2021 - Week 35

We must start by apologising for the lack of notes last week. Both of your regular correspondents were feeling a little under the weather. Or the worse for wear. Take your pick. Nevertheless, we have been hard at work, our assorted Trello boards a blur of activity. Which means we now have two weeks of frantic paddling to cover. But please don’t worry, the work has been particularly dull in nature. So we’ll try to keep notes short and sweet. Though we have said that before.

The return and revenge of Librarian Phil

This week we were delighted to welcome Librarian Phil back to the warm embrace of the Indexing and Data Management Section of the House of Commons Library. Or ‘our team of crack librarians’ as you may know them. Phil has already served on the frontline of IDMS but took time out to manage the system used to catalogue our many and varied books and journals. He’s now back in the world of attempting to teach parliamentary procedure to machines. Where the real action is.

Arithmetising the procedure maps

In week 34, Librarian Jayne and computational dilettante Michael put the finishing touches to the arithmetising of our assorted statutory instrument procedures. Both maps and data for all of our procedures are now considered complete and have been handily collected onto a single page for your delectation. The page comes complete with our hand drawn efforts, the dot files that the machines have kindly spat out and SVGs produced from those dot files. So, if you’re in the market for tinkering with dot files, this is your one stop shop. Tony.

Logical and arithmetic data safely tucked up inside the machines, week 35 saw Jayne and Michael checking hand drawn maps against machine drawn SVGs. Draft negatives, made negatives, draft affirmatives, made affirmatives and the treaty procedure as set out by the Constitutional Reform and Governance Act 2010 have all been painstakingly checked. With the emphasis firmly on pain. If you’ve ever fancied attaining a hypnagogic, trance-like state but never been one for repetitive beats, we can heartily recommend procedure data map checking.

Our Jianhan also leant a helping hand, clearing out the fragments of our mis-mapped draft composite procedure and ensuring that the orchestration of step descriptions is switched on. Which means we have descriptions for every business step in every procedure safely inside our triple store. If not yet on the website(s).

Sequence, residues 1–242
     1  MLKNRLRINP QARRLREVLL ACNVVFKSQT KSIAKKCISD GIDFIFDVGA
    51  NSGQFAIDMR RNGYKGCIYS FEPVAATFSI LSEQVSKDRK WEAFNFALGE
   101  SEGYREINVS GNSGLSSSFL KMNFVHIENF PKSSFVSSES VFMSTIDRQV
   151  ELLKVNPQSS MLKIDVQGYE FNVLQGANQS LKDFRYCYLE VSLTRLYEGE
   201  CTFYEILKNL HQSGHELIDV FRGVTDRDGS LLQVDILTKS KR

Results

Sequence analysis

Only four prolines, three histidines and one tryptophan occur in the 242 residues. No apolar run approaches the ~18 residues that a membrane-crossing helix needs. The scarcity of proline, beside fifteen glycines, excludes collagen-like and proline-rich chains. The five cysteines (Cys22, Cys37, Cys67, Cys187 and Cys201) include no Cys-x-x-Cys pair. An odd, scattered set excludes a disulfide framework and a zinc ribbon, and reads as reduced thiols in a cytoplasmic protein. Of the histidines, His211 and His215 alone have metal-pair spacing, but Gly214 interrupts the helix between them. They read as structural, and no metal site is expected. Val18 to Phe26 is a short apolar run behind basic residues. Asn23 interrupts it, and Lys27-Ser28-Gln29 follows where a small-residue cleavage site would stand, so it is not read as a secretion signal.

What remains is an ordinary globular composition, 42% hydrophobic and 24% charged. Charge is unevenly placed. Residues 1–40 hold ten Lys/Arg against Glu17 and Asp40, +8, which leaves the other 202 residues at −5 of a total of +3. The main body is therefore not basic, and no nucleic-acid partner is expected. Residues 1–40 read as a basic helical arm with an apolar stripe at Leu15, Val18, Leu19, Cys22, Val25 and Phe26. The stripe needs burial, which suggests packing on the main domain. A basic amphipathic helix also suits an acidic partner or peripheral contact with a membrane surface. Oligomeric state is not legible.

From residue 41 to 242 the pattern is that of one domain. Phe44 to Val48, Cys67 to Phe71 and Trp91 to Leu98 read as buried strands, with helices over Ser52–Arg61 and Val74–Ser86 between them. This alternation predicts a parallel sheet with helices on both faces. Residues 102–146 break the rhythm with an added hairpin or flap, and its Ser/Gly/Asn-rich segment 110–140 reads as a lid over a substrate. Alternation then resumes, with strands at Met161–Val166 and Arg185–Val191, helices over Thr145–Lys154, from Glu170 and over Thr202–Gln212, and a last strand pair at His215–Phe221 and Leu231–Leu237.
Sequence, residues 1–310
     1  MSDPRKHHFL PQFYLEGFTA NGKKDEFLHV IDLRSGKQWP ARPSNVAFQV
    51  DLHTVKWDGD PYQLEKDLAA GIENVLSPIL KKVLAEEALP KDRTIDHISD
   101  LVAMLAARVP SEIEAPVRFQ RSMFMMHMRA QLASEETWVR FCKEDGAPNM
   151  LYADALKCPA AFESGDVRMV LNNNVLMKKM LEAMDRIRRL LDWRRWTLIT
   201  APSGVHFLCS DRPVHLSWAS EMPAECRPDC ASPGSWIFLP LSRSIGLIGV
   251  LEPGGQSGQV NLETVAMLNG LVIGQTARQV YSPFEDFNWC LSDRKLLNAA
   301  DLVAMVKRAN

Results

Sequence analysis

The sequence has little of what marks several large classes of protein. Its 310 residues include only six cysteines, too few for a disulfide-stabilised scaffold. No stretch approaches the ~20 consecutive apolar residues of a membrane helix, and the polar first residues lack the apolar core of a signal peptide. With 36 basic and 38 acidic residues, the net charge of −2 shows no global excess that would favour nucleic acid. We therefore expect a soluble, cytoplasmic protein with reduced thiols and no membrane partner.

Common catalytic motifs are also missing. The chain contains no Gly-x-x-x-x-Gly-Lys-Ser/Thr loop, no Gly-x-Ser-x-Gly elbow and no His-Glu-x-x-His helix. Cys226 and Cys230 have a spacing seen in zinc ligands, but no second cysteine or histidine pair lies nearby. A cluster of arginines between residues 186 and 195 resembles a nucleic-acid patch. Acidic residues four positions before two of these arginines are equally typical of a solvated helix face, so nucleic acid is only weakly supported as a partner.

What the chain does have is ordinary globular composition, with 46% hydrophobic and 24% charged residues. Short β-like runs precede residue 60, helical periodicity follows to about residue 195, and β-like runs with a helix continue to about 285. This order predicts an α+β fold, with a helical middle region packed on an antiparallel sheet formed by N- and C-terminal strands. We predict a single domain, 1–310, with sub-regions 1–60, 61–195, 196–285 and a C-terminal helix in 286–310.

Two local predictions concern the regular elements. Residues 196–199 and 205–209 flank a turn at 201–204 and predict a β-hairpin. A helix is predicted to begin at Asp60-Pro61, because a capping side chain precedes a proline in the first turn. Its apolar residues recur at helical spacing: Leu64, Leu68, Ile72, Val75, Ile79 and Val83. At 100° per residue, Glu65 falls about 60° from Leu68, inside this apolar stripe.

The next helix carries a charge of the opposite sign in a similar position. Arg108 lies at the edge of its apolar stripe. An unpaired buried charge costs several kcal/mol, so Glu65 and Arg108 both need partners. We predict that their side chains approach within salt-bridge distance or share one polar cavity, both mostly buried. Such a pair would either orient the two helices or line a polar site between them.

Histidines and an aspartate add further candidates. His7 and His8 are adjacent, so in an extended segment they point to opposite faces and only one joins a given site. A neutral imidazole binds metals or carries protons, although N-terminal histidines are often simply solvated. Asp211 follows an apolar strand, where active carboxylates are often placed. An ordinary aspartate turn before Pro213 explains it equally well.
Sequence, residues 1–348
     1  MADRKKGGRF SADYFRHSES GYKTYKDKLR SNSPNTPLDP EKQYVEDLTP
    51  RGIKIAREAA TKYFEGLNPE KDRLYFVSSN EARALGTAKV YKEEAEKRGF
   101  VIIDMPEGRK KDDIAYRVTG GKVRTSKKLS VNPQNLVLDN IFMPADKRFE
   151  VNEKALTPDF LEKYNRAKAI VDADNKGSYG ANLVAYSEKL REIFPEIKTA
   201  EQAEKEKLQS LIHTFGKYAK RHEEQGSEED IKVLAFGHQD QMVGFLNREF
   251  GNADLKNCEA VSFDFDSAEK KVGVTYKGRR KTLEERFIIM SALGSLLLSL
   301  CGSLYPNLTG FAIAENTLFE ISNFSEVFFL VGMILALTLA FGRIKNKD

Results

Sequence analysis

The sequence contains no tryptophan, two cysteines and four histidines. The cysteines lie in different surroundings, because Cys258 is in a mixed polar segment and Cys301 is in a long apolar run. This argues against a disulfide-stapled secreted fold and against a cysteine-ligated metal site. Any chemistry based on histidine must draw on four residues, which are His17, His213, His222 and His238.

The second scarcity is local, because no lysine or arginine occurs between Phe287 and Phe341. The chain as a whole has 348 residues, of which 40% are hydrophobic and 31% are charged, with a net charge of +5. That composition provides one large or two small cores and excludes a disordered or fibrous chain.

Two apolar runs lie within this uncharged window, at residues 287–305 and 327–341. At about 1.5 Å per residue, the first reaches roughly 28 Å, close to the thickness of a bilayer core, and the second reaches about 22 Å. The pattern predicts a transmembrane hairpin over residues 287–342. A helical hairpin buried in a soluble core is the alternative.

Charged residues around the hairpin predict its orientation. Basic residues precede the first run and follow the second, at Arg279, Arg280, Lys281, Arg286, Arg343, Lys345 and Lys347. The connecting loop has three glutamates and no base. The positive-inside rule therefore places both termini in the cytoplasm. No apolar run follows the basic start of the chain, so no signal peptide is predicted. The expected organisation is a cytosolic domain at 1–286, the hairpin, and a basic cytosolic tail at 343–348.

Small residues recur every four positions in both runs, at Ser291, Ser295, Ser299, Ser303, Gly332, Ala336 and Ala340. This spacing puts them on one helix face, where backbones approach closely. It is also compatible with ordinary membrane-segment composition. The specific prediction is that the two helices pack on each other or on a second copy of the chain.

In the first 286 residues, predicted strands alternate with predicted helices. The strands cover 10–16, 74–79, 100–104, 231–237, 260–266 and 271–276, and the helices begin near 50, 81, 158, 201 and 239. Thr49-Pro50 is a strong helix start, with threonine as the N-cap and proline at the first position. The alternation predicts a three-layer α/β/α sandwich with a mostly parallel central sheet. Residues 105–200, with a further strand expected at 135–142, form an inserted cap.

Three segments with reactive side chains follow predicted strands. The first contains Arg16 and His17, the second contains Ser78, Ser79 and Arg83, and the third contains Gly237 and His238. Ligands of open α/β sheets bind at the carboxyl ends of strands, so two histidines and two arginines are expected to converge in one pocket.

Before heading off on a much needed vacation, Jianhan also ticked off the work required at our end to push published drafts under schedule 8 paragraph 14 of the European Union (Withdrawal) Act 2018 into our live triple store. At some point in the not too distant past, we collared Matthew and he helped us with a bit of a rewrite on our legislation model. What had been a Statutory Enabled Thing is now just an Enabled Thing and quite a bit of the new modelling hangs off that. We had been waiting for colleagues in Software Engineering to update a query in a way that would allow us to transition to Enabled Thing without breaking the website. That work is now done. So Jianhan has added published drafts to the physical ontology, turned on the feed of letters laid from Solr to our procedure editor database and plumbed in the pipes for published draft data from said database into our live triple store. Top work Jianhan. Enjoy your vacation.


Away from the drudgery of checking and re-checking procedure data, there have been a couple of glimmers of genuine interest. We have continued on our quest to understand the various types of Members - we count six types but do let us know if we’ve missed any - and whether those Members might move between seats of the same type and between seats of different types. This week our sketch of Member movements benefitted from the keen eyes of House of Lords Anna and Kirsty. And gained so many new lines it begins to resemble a butterfly. Lovely stuff. Thanks Anna. Thanks Kirsty.

On the nature of places

Way back in week 32, we were forced to call on Carl for some remedial geography lessons. We wanted to understand how best to model geographic areas which are bigger than constituencies. And found our knowledge of such matters sadly lacking. This week Librarians Anya and Phil and computational ‘experts’ young Robert and Michael met with Carl. A whiteboard was commandeered for the first time in several months and we think we’re beginning to understand geographies. And how ridiculously hard they are. We now have a rough outline of a data model that we hope to decant into our more relational efforts once folks are happy. Mark has already pointed out that, whilst constituencies forming part of a combined authority are currently wholly contained by that Combined Authority, this may not be the case in the future. So that’s probably more join tables we need to add. No matter. If there’s one thing we love, it’s a join table.